Preferably, the distance between the opposed ends of the arm portions 48, 50 is less than the overall occlusal-gingival dimension of the smallest archwire 40 expected to be used during the course of treatment. The archwire 40 need not fill the archwire slot 26 and flatly engage the wall portions defining the archwire slot 26 in all instances. For example, a somewhat smaller wire, and perhaps an archwire 40 having a circular cross-sectional shape, may be used during a portion of the treatment program. The distance between the opposed ends of the arm portions 48, 50 is preferably selected so that a variety of archwires of different cross-sectional configurations may be used in connection with the appliance 10.
Preferably, and as mentioned above, the distal clip 38 is substantially identical to the mesial clip 36. Optionally, however, it is possible to construct the clips 36, 38 somewhat differently to address certain circumstances. For example, if a malpositioned tooth is initially oriented such that its mesial side is rotated in a lingual direction, it may be desirable to increase the stiffness of the mesial clip 36 so that a somewhat greater force is needed to release the archwire 40 from the archwire slot 26 in comparison to the force needed to release the archwire 40 from the distal clip 38. Other options are also possible.
Optionally, the spring clips 36, 38 are cut from a flat section of metallic stock material. Suitable metallic materials include shape memory alloys such as alloys of nitinol and beta-titanium. The clips 36, 38 may be cut from the stock material using a stamping, die cutting, chemical etching, EDM (electrical discharge machining), laser cutting or water jet cutting process. As another option, the clips 36, 38 could be formed and then heat-treated to set their shapes.
As presently preferred, the clips 36, 38 are made from flat annealed superelastic material (such as nitinol) having a pickled surface. Preferred nitinol materials have a nickel content of 55.97% by weight and an Af of 10°±5° C. The nitinol is cold worked to 37.5% and has a thickness in the range of about 0.012 in. (0.3 mm) to about 0.016 in. (0.4 mm). The clips 36, 38 are first cut in a rough cutting EDM process, then cut along their edges for an additional one or more times using an EDM process in order to smooth the edges. Alternatively, a laser cutting process or chemical etching process could be used to make the clips 36, 38. Preferably, the clips 36, 38 are constructed so that the longitudinal direction of the clip material, or the principal direction of grain flow of the clip material, is substantially parallel to the direction of extension of the first and second sections 42, 44 (i.e. a generally buccolabial direction in the illustrated embodiment).
Subsequent to the EDM, laser cutting or chemical etching process, the clips 36, 38 are tumbled in order to further round their edges. An example of a suitable tumbling machine is model LC-600-2+2 from Richwood Industries. Using a small barrel, and a machine speed of 200 rpm, the clips are tumbled for about 2 hours in 500 cc of water and tumbling media. An example of suitable tumbling media is a mixture of 500 cc of ceramic media (shaped ACC, type M, size 3/16×⅜ (4.7 mm×9.5 mm)), 25 cc of white alumina powder no. 40, and 25 cc of soap powder compound no. 43, all from Richwood Industries. The tumbled clips are then polished for one-half hour in an ultrasonic screen barrel in a tank of solution. An example of a suitable solution is 3 liters of deionized water, 3 liters of pickling solution and 0.6 liter of hydrogen peroxide. A suitable pickling solution is No. TI121 Pickling Solution from Aya International of Los Angeles, Calif.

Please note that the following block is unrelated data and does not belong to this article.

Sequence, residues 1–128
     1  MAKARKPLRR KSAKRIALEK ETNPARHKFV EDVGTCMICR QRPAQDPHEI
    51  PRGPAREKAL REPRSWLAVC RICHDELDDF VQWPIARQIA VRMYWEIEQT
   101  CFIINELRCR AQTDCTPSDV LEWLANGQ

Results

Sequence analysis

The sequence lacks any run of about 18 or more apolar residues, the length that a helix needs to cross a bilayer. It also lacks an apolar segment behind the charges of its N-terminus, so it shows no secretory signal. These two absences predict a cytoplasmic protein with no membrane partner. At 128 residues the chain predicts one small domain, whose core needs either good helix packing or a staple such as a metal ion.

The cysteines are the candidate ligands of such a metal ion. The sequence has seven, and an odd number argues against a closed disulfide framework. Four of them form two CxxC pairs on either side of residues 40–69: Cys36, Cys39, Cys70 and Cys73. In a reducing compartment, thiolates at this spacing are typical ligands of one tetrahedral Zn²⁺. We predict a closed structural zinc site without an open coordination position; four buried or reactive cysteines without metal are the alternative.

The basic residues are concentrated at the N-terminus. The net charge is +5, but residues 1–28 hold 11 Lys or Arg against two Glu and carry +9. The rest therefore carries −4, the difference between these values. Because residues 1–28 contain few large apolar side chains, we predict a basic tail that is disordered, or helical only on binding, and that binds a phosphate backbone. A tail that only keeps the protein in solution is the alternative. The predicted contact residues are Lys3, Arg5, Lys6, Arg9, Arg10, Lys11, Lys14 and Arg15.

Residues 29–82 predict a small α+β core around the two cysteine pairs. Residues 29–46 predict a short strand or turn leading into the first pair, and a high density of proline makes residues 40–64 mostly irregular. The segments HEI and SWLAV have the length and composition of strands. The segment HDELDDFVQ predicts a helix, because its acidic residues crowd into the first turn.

Other optional aspects of the clips 36, 38 are described in applicant's published U.S. patent application entitled “ORTHODONTIC APPLIANCE WITH FATIGUE-RESISTANT ARCHWIRE RETAINING LATCH”; No. 2004/0086825, published May 18, 2004.
During manufacture of the appliance 10, the archwire slot liner 24 is affixed to the body 14 and the clips 36, 38 are then assembled to the posts 28, 30 respectively. To connect the clip 36 to the post 28, the clip 36 is opened by moving the sections 42, 44 in directions away from each other a distance sufficient to clear the head 32 and enable the neck 34 to be received in the recess 54 by moving the clip 36 in a distal direction. Next, pressure on the sections 42, 44 is relieved and the clip 36 springs back to its normal, relaxed configuration such as shown in
The present invention provides a significant advantage, in that the protrusions 52 serve to hold the clip 36 in place on the post 28. In particular, the protrusions 52 help prevent the clip 36 from moving in a lingual direction and disengaging the post 28 as might occur, for example, when the archwire 40 is pressed against the arm portions 48, 50 for insertion into the archwire slot 26. Such construction avoids the need for a base flange or other structure located on the lingual side of the third section 46, which in turn enables the base or “footprint” of the appliance 10 to be somewhat smaller than might otherwise be expected.
Furthermore, the present invention surprisingly allows the archwire 40 to be inserted into the archwire slot 26 with less force than expected, while the force needed to self-release the latch remains approximately the same. In one experimental analysis done by computer, using software “ANSYS 8.0” from ANSYS, Inc. of Canonsburg, Pa., the force needed to ligate the archwire to the appliance and the force needed to release the archwire from the appliance were determined for an appliance having a clip constructed as shown in